“A water bug swims in through a person’s pores up to their head and makes them go blind.”

Esmeraldina stared for a long moment into Roy’s eyes, then kissed him softly on the mouth.

“I bet you know all kinds of interestin’ things, Roy,” she said. “You want to dance with me?”


Esmeraldina picked up Roy’s glass and finished off the shot and the beer before they headed to the dance floor. Jimmie “Fast Fingers” Dawkins’ “All for Business” was playing on the jukebox. She pressed her skinny body hard against Roy’s and wrapped her arms around his back. Esmeraldina nudged him gently around in response to the slow blues. Roy guessed that Esmeraldina was in her early twenties, but he didn’t want to ask for fear she would in turn ask him how old he was, and he did not want to have to lie.

“How old are you, Roy?”

“Old enough to be here,” he said.

“You pretty sharp. Sharp and pretty.”

“You’re very pretty yourself, Esmeraldina.”

After the song ended, Esmeraldina took Roy by the hand and led him out of the club. It was cold outside, too cold to be in the street without a coat. Roy had left his on the back of his chair at the table. Esmeraldina did not have one, either; she shivered in her short-sleeved blouse as she walked him to the right, around the corner onto Lake Street. A few yards ahead of them, two men, both wearing short-brimmed hats, were arguing. One of them pulled a gun from a pocket and shot the other man in the forehead. The man who had been shot flew off his feet backward as if he’d been caught off balance by Sugar Ray Robinson’s quick left hook. The shooter ran and disappeared under the El tracks. Roy looked at the man on the ground: his eyes were open and his short-brim was still on his head.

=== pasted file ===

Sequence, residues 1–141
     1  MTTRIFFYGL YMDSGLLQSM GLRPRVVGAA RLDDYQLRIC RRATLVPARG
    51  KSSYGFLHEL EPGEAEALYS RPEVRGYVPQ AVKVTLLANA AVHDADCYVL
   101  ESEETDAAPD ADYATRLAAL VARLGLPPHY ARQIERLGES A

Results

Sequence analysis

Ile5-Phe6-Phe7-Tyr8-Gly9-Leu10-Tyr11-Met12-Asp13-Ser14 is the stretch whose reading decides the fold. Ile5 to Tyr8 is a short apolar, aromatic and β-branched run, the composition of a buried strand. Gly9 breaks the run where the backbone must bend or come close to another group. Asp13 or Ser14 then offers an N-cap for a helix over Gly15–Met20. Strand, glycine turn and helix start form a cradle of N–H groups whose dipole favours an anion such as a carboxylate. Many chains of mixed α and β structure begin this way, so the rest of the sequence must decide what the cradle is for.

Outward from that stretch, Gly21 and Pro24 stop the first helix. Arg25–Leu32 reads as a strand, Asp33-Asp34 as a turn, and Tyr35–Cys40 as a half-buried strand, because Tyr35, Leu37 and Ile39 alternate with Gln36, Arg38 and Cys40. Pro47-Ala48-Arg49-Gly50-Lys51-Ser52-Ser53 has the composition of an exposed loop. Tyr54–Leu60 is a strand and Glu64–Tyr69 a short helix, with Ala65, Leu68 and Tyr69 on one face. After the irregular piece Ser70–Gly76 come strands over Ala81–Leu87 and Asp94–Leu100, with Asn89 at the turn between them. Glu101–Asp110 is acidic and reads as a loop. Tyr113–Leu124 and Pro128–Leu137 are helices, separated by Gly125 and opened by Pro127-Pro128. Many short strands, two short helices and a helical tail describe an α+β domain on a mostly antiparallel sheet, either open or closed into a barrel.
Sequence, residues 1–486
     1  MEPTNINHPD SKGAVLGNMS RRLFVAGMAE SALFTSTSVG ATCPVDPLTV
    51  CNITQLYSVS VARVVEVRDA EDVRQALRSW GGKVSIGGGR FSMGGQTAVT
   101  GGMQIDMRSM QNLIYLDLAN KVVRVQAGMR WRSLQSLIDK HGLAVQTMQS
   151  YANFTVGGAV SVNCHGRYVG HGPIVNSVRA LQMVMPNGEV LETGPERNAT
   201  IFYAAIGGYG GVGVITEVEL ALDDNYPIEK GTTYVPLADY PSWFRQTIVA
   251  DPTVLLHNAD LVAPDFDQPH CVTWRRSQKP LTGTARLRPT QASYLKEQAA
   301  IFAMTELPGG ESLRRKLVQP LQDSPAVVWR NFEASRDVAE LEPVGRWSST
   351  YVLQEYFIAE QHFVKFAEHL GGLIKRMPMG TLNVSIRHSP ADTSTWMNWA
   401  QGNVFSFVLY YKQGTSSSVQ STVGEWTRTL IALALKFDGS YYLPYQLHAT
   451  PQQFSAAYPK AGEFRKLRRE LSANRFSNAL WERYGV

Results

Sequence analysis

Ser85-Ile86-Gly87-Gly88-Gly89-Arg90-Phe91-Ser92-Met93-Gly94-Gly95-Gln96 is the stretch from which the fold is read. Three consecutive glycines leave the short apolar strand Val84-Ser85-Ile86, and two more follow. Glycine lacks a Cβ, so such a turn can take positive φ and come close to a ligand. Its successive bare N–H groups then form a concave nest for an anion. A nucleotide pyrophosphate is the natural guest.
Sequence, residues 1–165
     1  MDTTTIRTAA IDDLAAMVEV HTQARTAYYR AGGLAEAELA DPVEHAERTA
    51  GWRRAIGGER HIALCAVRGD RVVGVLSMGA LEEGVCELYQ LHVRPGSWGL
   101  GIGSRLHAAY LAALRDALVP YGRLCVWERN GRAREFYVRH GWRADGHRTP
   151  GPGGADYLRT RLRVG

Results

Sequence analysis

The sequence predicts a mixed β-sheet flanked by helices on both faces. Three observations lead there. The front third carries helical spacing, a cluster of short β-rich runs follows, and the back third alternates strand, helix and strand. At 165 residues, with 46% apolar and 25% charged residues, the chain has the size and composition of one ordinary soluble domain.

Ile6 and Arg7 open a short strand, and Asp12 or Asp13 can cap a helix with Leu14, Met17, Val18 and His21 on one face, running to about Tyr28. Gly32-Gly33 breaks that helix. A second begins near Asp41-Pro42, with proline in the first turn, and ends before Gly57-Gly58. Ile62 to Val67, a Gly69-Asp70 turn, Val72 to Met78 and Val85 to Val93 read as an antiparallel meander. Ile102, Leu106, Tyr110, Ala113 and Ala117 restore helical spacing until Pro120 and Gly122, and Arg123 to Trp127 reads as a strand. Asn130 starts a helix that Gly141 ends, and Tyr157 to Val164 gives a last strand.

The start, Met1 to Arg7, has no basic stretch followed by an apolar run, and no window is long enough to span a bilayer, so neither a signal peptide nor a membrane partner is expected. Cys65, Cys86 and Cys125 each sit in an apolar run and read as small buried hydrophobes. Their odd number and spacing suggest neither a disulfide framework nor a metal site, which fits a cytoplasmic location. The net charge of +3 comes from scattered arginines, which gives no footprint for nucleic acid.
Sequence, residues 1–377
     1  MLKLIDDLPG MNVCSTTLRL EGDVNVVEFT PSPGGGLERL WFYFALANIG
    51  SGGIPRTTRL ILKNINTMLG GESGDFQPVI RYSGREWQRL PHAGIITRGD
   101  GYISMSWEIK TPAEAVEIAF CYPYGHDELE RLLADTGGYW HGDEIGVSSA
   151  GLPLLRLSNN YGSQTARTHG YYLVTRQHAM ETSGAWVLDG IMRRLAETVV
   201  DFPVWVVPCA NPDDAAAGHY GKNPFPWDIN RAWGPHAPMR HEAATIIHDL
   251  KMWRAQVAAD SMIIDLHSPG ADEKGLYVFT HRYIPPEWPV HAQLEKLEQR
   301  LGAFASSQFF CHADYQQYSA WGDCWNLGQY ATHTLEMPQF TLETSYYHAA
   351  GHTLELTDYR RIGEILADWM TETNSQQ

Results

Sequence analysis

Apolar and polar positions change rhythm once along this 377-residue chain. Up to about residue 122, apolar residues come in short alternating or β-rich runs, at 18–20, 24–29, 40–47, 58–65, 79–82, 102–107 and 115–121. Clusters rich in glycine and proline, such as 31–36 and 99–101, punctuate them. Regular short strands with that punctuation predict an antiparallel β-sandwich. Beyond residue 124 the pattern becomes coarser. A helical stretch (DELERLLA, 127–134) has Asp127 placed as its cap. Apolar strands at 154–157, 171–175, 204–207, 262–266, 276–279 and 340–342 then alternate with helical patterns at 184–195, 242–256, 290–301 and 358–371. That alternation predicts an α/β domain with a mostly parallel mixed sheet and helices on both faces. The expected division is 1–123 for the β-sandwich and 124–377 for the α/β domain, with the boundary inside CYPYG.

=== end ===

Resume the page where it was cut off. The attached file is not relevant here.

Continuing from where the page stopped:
“Bad timin’,” Esmeraldina said. “We’d best go back indoors.”

She and Roy hurried into Rita’s Can’t Take It With You, where Esmeraldina let go of him and lost herself in the crowd. Roy went over to the table where he’d been sitting with Ray and Marvin Kitna. They weren’t there. Roy looked for them on the dance floor, but he didn’t see them. He took his jacket off the back of his chair and put it on. The music coming from the jukebox was very loud, but Roy could hear a police siren. He saw Malcolm and Durrell, the security guards, go out the front door followed by Earl, one of the bartenders, and several customers. Roy ducked out too, turned left, and walked as fast as he could away from Lake Street. He could still see the dead man with a nickel-sized hole above the bridge of his nose.

“How could his hat have stayed on?” Roy said.